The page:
Artists Who Paint With Their Feet Have Unique Brain Patterns

By Claudia Lopez-Lloreda/Smithsonianmag.com

Tom Yendell creates stunningly colorful landscapes of purple, yellow and white flowers that jump out of the canvas. But unlike most artists, Yendell was born without arms, so he paints with his feet. For Yendell, painting with toes is the norm, but for neuroscientists, the artistic hobby presents an opportunity to understand how the brain can adapt to different physical experiences.

“It was through meeting and observing [Yendell] doing his amazing painting that we were really inspired to think about what that would do to the brain,” says Harriet Dempsey-Jones, a postdoctoral researcher at the University College London (UCL) Plasticity Lab. The lab, run by UCL neurologist Tamar Makin, is devoted to studying the sensory maps of the brain.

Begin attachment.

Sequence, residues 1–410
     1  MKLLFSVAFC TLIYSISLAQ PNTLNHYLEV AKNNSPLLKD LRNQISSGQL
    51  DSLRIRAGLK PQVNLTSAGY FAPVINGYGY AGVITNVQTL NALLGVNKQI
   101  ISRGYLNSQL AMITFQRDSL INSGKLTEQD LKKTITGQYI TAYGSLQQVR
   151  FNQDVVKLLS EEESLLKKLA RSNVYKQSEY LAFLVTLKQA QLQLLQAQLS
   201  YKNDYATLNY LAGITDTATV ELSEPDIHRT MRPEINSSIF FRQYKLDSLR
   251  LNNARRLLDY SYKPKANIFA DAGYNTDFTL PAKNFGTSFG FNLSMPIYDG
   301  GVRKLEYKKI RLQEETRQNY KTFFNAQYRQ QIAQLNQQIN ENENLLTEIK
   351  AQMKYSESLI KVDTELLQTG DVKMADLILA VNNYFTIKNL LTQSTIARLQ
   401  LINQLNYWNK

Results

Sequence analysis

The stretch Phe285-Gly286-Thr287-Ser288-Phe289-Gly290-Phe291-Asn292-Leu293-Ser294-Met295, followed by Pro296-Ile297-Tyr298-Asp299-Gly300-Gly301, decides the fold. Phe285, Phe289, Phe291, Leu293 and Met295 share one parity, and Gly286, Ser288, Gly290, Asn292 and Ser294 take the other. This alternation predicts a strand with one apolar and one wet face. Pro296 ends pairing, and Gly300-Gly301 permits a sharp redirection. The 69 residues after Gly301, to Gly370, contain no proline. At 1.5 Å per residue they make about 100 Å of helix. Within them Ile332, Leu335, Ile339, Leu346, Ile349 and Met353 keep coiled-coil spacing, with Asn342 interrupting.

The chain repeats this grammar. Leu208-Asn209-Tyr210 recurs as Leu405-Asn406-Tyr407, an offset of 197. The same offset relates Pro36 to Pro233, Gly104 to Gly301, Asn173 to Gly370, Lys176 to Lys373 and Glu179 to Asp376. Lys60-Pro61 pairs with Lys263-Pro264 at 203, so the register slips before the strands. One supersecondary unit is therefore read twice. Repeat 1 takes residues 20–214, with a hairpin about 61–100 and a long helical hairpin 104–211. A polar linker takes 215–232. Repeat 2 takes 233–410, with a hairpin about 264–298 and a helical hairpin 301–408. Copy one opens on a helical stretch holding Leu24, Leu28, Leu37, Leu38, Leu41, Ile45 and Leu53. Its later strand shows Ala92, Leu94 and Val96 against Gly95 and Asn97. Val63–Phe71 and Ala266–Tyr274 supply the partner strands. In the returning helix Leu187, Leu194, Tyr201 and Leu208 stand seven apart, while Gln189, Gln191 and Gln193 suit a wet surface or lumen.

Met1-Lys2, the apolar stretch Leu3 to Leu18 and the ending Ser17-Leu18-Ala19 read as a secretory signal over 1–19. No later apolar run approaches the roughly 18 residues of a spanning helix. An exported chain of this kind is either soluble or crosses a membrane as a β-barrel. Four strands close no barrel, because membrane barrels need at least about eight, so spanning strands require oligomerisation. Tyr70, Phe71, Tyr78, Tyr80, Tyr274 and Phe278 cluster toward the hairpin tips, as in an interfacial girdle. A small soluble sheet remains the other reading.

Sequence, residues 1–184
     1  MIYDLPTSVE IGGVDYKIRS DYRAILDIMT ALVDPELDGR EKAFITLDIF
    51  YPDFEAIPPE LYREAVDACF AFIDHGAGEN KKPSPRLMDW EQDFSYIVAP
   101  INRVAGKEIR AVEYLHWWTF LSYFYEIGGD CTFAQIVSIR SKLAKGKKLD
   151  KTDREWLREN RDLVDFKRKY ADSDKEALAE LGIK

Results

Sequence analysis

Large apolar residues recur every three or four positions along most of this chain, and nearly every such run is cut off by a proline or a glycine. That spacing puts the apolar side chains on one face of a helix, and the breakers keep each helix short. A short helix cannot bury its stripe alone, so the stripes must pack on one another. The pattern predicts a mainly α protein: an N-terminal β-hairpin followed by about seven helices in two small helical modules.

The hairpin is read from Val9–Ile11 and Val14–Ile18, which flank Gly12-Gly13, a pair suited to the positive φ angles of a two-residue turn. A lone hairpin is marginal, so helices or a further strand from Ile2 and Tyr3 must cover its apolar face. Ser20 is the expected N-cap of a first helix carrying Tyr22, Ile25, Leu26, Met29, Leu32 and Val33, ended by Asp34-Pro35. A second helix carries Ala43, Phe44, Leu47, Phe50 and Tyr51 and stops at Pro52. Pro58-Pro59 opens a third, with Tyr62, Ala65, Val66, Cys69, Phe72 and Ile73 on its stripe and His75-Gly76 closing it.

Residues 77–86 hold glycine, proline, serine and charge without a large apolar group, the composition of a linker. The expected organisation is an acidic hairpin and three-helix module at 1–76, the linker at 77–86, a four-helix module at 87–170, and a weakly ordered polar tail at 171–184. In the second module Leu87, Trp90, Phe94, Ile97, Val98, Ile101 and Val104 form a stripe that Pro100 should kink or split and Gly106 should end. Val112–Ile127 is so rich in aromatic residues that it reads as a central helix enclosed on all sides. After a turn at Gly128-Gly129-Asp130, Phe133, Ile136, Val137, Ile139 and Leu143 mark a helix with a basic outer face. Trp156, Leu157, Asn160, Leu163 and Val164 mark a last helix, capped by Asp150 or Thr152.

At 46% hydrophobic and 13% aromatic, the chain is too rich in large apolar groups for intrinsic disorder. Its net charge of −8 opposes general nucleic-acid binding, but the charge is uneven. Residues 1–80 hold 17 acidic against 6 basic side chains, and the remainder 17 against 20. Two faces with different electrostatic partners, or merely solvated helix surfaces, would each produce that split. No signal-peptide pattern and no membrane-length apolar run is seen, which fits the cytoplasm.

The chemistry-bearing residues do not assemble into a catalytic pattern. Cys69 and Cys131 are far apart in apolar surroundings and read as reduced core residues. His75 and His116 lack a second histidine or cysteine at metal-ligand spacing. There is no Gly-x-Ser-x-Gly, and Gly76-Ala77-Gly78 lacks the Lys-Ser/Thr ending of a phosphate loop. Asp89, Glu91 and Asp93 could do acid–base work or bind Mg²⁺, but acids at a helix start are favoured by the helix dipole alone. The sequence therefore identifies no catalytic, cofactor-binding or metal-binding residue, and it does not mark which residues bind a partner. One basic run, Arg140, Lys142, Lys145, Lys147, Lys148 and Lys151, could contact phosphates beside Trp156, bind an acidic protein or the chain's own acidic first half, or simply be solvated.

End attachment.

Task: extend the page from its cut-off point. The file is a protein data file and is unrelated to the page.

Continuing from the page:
Sensory maps assign brain space to process motion and register sensations from different parts of the body. These maps can be thought of as a projection of the body onto the brain. For example, the area dedicated to the arms is next to the area dedicated to the shoulders and so on throughout the body.

Specifically, Makin’s team at the Plasticity Lab studies the sensory maps that represent the hands and the feet…

 

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